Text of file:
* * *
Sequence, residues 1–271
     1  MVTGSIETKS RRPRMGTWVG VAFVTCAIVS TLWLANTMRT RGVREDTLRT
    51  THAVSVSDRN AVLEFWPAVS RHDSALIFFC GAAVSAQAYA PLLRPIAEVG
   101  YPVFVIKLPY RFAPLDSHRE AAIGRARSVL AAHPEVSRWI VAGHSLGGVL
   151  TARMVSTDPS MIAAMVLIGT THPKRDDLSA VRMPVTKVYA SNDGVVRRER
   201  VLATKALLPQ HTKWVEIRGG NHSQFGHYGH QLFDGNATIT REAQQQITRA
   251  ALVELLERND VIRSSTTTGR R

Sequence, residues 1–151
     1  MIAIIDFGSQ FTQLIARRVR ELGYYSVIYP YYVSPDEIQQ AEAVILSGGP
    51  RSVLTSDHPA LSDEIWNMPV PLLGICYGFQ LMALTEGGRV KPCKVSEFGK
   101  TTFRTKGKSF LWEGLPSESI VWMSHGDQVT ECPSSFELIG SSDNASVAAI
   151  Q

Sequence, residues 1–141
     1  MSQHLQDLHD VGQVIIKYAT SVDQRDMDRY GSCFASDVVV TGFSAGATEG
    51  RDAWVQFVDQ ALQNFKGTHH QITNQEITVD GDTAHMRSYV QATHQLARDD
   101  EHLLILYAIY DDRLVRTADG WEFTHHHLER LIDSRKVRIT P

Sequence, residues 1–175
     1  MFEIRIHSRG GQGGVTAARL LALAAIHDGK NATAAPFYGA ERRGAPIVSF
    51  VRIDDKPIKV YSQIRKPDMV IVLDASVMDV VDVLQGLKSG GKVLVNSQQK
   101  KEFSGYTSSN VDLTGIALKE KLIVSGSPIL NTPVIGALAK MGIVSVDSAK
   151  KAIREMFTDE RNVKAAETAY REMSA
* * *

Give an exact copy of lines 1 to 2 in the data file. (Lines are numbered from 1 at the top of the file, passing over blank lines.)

Sequence, residues 1–271
     1  MVTGSIETKS RRPRMGTWVG VAFVTCAIVS TLWLANTMRT RGVREDTLRT